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Not Your Mother's Mission Field



This article originally appeared on Leadership Network

Digital is not going anywhere. What if we, the Church, viewed digital as a mission field?

We discussed Leadership Network’s metaverse mission trips in an earlier blog post. We’ve even drawn the attention of Relevant Magazine, talking about one of our churches going on a mission trip to the metaverse this August. As big an opportunity as the metaverse is missionally, let’s discuss how we, the Church, must embrace the digital mission field. But to be missional and reach people digitally, we have to do something different.


Today, there are missional opportunities within digital that most churches are unfortunately missing. For churches to embrace—and, dare I say, engage—the lost in digital space, we need to move beyond broadcasting church services. Beyond content. For churches to be influential digitally, our content has to lead towards community, either in physical or digital space. Much has been written on discipleship being more effective in physical communities, and the importance of community holds true digitally as well. Content without community is meaningless, just as community without discipleship is pointless.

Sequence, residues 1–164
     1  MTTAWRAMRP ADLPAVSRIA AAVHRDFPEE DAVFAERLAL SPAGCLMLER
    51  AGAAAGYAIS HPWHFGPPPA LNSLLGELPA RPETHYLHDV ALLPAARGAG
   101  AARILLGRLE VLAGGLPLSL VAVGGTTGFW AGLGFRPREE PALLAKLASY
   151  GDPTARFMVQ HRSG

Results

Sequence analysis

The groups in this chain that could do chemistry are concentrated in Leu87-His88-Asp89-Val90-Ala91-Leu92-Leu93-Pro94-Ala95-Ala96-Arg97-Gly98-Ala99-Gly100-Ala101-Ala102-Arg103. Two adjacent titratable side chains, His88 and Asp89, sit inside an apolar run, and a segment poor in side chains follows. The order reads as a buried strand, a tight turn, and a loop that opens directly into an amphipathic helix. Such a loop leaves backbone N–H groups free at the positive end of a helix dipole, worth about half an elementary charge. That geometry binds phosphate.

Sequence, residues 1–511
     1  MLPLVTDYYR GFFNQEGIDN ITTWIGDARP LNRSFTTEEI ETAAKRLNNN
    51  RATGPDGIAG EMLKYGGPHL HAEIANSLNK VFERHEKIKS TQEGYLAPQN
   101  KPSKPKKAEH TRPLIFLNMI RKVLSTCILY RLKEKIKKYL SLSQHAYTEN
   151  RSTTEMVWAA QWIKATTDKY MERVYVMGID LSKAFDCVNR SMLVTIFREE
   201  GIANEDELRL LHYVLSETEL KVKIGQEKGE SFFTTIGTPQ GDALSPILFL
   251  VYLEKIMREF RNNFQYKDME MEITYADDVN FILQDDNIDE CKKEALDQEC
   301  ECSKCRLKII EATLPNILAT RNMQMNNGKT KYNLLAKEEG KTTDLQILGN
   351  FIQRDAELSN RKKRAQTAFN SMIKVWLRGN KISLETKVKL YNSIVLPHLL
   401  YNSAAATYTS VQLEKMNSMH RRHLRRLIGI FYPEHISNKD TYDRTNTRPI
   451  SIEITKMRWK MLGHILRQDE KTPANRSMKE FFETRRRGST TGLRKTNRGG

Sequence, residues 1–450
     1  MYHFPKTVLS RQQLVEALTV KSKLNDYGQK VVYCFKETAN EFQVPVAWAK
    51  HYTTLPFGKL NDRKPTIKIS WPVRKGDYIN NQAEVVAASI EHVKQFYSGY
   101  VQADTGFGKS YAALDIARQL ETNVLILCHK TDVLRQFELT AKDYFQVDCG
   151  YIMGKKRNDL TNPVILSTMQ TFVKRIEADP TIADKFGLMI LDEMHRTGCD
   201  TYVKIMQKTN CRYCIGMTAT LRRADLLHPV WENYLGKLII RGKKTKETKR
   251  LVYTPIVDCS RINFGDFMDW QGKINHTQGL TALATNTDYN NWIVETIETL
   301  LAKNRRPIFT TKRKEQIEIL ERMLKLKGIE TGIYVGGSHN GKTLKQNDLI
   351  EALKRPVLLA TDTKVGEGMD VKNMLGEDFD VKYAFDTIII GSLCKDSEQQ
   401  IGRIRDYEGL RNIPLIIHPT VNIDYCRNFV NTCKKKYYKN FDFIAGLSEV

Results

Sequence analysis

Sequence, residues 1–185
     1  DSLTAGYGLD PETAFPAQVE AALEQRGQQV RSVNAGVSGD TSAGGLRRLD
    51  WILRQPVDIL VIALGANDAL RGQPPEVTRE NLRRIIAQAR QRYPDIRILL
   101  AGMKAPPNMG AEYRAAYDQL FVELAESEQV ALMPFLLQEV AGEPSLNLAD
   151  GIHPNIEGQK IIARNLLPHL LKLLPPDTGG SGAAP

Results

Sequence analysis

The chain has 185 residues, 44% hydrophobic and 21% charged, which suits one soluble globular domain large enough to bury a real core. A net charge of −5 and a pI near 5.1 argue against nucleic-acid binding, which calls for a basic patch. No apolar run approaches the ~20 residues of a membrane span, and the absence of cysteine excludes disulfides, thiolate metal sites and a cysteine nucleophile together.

Content is vital for any church, in physical or digital space. Sermons and teachings play a role. But in digital ministry, as in physical ministry, content is rarely enough to impact someone’s life, especially in some nuanced digital communities. When was the last time a TV show changed your life? Or even that you remembered a sermon from two weeks ago? Our content is only valuable—especially digitally—when it leads into community. This is probably not a surprise, but I would also suggest that a church’s online chat room is not an effective ongoing discipleship community, just as sitting next to someone in a pew is not grounds for an effective discipleship relationship. Church online chat is the first, and sometimes necessary, step to something more.

SIMPLY: To effectively reach and disciple people digitally, your church has to be in digital community.


Digital community is one thing, but let’s back up.

Let’s say your church is going on a mission trip to… oh, I don’t know… Argentina. You’d like to go on the trip, but you don’t know anything about Argentina. Your church is partnering with a church in Argentina. As a mission trip participant, you need to learn the culture. You need to adapt your mindset. What works for your church in America does not automatically work in Argentina because South America is different from North America. Recognizing the differences, the American church may need to adapt its strategy to the community of Argentina. Right?